Supreme Court offers mixed take on false claim liability.
Justices ruled that health care providers can be held liable under the FCA if they bill for a service but fail to comply with underlying regulations --even if the violation is not explicit in the claim.
The decision upholds use of the "implied false certification theory" in FCA cases, which provides that any submission for government payment include an implicit certification of compliance with all applicable contract requirements, laws, and regulations.
The ruling allows a lawsuit by a patient's family to continue against Universal Health Services, a national hospital management company. The plaintiff, Julio Escobar, claims that Universal presented false claims to Medicaid by seeking payments for services provided by unlicensed, unsupervised health care providers.
Although the reimbursement claims submitted to the government accurately described the services provided and cited the correct charges, the plaintiffs alleged that because the clinic's operations violated state requirements to participate in Medicaid, Universal had also violated the FCA.
Universal argued the FCA suit was invalid because a reimbursement claim cannot be false unless its details are untrue or inaccurate.
The Supreme Court ruled in favor of the plaintiffs. By using National Provider Identification numbers that corresponded to specific job titles without disclosing many violations of staff and licensing requirements, Universal's claims constituted misrepresentations, the justices said.
The opinion includes language that is both helpful and harmful to physicians, according to health law attorneys.
On the one hand, the justices supported the implied certification theory, thus expanding the scope of potential liability under the FCA in certain circumstances, said George B. Breen, a Washington-based health law attorney.
"The court's decision is significant for health care providers and suppliers that submit claims to federally funded health care programs, including Medicare and Medicaid, because the FCA remains one of the federal government's primary enforcement tools," Mr. Breen said in an interview. "In the court's view, half-truths in a claim for reimbursement from a government program ... [are] just as actionable as an outright lie, if the failure to disclose noncompliance with a statute, regulation, or contract term makes those representations misleading half-truths."
However, the Supreme Court rejected the government's notion that every omission, regulatory violation, or contract breach can result in fines and damages under the FCA. The compliance violation must be material to the government's payment decision, the justices said.
This means an alleged regulatory or contractual violation must have mattered to the agency's payment decision to be actionable under the FCA, said David L. Douglass, a Washington-based health law attorney.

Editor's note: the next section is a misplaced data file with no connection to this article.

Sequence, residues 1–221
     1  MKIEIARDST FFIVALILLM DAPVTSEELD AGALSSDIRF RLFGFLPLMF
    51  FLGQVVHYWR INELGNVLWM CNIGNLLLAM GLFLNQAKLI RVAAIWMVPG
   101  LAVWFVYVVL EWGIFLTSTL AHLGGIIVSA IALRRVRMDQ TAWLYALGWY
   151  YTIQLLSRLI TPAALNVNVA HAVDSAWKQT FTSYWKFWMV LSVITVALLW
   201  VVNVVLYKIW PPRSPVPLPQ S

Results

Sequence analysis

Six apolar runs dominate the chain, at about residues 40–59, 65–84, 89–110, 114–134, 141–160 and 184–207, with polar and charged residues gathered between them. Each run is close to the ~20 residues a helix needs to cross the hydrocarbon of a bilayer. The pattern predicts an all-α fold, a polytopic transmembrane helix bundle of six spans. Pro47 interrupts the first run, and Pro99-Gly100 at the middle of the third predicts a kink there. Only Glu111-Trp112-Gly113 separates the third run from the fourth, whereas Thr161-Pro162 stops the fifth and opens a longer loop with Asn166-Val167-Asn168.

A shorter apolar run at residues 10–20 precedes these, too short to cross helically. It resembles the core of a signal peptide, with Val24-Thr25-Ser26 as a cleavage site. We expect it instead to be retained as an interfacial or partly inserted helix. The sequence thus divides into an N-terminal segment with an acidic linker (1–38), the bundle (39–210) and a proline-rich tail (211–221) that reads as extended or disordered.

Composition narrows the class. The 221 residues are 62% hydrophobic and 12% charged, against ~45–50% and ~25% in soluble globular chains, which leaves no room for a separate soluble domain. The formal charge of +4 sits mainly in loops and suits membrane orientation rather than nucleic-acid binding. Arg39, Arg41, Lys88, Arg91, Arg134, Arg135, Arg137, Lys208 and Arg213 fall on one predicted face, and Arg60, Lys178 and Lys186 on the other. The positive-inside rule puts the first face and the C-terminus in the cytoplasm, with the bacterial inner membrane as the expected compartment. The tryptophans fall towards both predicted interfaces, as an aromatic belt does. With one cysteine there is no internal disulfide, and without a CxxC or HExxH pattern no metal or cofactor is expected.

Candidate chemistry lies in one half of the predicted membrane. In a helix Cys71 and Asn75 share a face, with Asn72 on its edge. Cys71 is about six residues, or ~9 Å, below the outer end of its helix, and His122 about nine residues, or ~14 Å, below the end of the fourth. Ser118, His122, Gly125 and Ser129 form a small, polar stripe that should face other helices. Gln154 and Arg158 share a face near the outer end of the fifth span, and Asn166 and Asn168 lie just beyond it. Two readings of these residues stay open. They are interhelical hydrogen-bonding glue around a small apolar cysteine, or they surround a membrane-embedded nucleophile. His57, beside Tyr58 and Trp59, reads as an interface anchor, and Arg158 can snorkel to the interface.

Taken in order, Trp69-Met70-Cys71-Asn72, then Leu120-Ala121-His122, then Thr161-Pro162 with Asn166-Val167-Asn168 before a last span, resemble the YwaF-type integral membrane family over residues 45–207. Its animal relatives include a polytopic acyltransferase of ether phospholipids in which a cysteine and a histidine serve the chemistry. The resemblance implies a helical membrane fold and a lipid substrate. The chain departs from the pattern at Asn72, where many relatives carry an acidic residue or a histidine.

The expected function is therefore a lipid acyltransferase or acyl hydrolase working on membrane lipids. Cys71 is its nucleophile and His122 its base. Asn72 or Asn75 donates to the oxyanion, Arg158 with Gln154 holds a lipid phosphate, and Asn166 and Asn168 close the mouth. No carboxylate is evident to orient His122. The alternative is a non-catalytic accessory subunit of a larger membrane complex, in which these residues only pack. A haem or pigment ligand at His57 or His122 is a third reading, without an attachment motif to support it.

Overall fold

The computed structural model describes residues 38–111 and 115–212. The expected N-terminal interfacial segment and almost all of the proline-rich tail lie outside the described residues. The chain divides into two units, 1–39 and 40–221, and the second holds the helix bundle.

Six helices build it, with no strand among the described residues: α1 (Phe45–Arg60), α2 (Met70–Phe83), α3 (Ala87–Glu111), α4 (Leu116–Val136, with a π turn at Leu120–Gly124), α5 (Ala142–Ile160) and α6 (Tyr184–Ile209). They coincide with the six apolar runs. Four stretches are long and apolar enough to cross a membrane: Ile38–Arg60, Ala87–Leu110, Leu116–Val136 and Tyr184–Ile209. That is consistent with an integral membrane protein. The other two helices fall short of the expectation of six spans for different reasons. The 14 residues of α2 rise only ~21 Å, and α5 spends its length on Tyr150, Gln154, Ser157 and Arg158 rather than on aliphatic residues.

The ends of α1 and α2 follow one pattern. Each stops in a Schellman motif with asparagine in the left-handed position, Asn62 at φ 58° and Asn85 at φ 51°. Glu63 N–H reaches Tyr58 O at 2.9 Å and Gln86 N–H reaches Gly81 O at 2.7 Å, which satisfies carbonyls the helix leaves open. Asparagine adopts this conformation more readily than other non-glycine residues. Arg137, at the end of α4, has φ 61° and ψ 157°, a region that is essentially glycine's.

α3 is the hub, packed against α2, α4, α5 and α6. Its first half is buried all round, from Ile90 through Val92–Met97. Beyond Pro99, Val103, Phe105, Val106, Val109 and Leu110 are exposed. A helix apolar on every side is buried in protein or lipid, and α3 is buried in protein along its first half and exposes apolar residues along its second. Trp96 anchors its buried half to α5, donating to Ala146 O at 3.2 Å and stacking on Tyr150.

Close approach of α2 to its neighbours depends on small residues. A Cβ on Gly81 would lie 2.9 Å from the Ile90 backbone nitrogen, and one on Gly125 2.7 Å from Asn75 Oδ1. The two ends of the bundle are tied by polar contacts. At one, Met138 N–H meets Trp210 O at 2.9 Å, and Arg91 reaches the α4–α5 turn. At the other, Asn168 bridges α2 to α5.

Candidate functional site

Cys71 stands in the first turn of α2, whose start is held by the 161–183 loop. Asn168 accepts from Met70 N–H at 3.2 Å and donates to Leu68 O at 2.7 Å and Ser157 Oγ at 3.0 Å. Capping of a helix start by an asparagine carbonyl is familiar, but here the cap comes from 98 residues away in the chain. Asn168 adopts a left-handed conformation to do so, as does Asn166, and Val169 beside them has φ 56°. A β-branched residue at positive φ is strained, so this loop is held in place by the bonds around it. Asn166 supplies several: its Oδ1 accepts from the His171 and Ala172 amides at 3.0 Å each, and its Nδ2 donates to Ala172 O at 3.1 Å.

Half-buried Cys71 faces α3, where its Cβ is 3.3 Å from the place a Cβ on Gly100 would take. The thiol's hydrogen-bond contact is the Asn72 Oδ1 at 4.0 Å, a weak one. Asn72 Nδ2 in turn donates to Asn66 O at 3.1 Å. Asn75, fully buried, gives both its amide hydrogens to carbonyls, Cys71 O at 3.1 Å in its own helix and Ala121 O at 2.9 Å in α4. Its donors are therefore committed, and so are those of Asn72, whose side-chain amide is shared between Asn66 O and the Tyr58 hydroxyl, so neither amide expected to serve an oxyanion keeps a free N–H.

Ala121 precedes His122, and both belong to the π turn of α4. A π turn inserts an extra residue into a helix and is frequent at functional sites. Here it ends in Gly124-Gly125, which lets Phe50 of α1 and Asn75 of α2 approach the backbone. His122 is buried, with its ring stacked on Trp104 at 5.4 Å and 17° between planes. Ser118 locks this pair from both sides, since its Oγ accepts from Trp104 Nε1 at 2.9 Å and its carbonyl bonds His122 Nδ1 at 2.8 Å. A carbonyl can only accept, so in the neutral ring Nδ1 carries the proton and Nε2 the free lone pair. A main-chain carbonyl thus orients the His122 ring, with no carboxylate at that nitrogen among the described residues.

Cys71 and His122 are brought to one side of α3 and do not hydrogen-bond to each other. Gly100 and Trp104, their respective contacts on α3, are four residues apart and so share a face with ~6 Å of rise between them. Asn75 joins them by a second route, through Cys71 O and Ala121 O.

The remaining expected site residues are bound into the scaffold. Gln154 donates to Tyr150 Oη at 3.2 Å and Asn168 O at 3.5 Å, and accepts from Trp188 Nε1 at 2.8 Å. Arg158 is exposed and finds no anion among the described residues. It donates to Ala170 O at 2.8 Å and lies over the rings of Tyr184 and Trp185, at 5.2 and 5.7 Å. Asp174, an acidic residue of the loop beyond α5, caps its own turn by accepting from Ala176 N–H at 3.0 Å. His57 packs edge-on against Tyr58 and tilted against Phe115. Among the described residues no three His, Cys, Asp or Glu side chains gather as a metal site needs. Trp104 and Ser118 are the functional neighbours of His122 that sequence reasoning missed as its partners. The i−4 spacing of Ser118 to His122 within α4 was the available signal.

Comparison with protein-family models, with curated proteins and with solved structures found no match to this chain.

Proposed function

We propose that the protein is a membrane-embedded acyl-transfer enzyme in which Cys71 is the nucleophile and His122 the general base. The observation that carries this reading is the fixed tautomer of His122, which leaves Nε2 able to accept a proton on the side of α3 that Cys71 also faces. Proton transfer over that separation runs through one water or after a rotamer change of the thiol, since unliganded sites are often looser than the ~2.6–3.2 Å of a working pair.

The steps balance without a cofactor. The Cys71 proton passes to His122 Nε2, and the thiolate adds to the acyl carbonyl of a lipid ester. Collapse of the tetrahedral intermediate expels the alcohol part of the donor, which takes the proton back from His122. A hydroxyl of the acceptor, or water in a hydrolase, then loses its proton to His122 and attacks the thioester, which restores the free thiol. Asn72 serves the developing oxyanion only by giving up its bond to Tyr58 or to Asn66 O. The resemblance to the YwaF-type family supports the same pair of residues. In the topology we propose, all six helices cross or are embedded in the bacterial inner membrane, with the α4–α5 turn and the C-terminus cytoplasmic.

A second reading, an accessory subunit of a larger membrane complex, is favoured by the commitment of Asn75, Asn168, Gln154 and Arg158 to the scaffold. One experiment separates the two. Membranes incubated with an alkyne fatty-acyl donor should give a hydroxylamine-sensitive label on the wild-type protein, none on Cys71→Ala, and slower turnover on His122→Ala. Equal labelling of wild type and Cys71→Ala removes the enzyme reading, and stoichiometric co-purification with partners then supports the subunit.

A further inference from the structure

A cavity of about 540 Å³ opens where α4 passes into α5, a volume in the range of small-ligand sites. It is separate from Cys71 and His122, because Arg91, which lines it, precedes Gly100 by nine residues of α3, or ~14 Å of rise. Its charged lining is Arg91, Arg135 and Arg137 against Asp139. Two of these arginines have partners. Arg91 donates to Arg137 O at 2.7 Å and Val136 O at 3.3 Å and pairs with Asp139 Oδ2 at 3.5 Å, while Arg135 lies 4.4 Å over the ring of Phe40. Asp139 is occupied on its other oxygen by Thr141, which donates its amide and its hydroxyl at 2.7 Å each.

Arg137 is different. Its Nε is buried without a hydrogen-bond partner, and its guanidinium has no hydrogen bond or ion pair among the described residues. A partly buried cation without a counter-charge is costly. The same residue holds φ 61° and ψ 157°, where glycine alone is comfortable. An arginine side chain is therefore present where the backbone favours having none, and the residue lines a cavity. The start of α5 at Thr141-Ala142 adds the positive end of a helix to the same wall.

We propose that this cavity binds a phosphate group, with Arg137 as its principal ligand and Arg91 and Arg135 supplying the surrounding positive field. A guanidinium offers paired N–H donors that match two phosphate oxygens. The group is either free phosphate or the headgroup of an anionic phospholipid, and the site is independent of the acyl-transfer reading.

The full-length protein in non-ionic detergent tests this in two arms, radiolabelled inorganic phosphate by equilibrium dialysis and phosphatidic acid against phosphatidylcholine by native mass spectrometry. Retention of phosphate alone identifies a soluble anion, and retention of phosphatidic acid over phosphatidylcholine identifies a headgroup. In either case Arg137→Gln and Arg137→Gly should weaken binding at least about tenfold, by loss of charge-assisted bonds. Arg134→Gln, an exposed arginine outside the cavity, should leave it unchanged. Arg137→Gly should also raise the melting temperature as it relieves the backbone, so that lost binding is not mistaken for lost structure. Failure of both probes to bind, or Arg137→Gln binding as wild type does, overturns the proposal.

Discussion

In their written opinion, the justices offered this example: If the government adds a requirement that health providers who participate in Medicaid must buy American-made staplers, and a health provider submits a claim but fails to disclose the use of foreign staplers, that provider should not be held liable under the FCA.
"An undisclosed fact is material if, for instance, no one can say with reason that the plaintiff would have signed this contract if informed of the likelihood of the undisclosed fact," the justices wrote.
That aspect of the ruling is good news for defendants and potential FCA targets, Mr. Douglass said in an interview.
"The court has restored the role of the materiality element," he said. "The materiality element is a stringent protection against the risk that technical instances of noncompliance can become the basis for punitive liability."
The high court also noted that if the underlying violation is known to widely occur and, nonetheless, Medicare regularly pays such claims, the violation is likely not material to payment, added William W Horton, a Birmingham, Ala.-based health law attorney and chair of the American Bar Association Health Law Section.
But attorneys for plaintiffs and whistle-blowers are also hailing the Supreme Court opinion as positive for their clients.
"Had the court agreed with the [Chamber of Commerce] and its allies--that you can bill the taxpayers for the services of a so-called doctor who was in fact unlicensed, and whose degree came from an unaccredited Internet college--then the floodgates would be opened for fraud in government contracting," said Stephen M. Kohn, executive director of the National Whistleblower Center, in a statement.
Houston-based plaintiffs' attorney Joel Androphy, who represents whistle-blowers, called the opinion "very favorable" for implied certification claims. "If the defendant cheats, there should not be a free pass because Congress did not include magic wording in statute or regulation to support a false claims case."
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Caption: MR. ANDROPHY
Caption: MR. DOUGLASS
Caption: MR. BREEN
Caption: MR. HORTON
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|Title Annotation:||PRACTICE ECONOMICS|
|Publication:||Internal Medicine News|
|Date:||Aug 1, 2016|
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